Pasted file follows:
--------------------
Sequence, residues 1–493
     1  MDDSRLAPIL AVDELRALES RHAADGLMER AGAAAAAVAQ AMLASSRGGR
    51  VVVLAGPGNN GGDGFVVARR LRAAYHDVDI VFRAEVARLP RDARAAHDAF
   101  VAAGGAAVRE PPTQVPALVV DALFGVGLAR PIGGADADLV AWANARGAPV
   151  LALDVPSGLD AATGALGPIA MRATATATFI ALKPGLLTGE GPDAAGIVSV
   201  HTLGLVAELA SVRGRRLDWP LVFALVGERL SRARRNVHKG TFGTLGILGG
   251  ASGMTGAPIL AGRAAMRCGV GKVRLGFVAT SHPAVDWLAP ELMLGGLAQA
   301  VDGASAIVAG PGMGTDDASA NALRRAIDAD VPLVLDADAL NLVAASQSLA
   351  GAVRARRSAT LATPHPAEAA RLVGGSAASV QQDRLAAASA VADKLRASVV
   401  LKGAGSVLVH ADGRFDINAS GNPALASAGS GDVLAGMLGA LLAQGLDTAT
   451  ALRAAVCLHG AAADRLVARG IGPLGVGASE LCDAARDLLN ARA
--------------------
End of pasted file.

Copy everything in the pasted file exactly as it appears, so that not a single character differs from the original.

Sequence, residues 1–493
     1  MDDSRLAPIL AVDELRALES RHAADGLMER AGAAAAAVAQ AMLASSRGGR
    51  VVVLAGPGNN GGDGFVVARR LRAAYHDVDI VFRAEVARLP RDARAAHDAF
   101  VAAGGAAVRE PPTQVPALVV DALFGVGLAR PIGGADADLV AWANARGAPV
   151  LALDVPSGLD AATGALGPIA MRATATATFI ALKPGLLTGE GPDAAGIVSV
   201  HTLGLVAELA SVRGRRLDWP LVFALVGERL SRARRNVHKG TFGTLGILGG
   251  ASGMTGAPIL AGRAAMRCGV GKVRLGFVAT SHPAVDWLAP ELMLGGLAQA
   301  VDGASAIVAG PGMGTDDASA NALRRAIDAD VPLVLDADAL NLVAASQSLA
   351  GAVRARRSAT LATPHPAEAA RLVGGSAASV QQDRLAAASA VADKLRASVV
   401  LKGAGSVLVH ADGRFDINAS GNPALASAGS GDVLAGMLGA LLAQGLDTAT
   451  ALRAAVCLHG AAADRLVARG IGPLGVGASE LCDAARDLLN ARA